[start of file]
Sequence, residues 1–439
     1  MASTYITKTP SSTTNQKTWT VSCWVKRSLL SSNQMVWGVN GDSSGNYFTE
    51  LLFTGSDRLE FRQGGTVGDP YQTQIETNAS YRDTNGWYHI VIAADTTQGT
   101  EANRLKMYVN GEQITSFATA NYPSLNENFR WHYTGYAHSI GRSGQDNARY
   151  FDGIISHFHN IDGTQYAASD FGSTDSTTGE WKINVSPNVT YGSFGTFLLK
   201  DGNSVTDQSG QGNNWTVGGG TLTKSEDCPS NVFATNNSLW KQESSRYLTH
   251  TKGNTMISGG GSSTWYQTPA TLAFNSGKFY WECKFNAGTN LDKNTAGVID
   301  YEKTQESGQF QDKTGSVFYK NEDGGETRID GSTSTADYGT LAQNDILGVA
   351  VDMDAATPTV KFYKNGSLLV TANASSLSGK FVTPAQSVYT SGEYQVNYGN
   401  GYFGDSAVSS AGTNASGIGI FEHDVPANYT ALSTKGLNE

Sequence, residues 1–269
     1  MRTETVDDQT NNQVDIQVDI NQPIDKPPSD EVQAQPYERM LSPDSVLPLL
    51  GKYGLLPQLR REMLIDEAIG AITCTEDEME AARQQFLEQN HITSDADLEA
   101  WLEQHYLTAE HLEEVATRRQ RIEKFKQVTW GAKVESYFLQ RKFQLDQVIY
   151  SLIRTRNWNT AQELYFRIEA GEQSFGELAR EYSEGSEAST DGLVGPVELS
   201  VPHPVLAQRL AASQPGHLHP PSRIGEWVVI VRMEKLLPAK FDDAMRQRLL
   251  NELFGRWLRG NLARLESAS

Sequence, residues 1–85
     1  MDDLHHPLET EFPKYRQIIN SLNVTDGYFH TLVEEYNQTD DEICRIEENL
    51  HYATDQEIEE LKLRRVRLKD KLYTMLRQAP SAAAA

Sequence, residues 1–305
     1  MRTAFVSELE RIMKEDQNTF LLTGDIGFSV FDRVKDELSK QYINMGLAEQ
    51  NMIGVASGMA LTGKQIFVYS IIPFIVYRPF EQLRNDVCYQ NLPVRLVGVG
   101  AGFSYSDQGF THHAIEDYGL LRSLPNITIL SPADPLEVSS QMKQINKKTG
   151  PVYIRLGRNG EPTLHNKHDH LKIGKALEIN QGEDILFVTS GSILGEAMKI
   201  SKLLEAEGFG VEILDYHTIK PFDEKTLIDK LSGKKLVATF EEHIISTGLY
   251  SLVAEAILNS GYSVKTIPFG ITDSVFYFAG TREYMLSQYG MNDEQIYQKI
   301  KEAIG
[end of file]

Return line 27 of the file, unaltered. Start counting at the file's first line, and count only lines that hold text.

   251  SLVAEAILNS GYSVKTIPFG ITDSVFYFAG TREYMLSQYG MNDEQIYQKI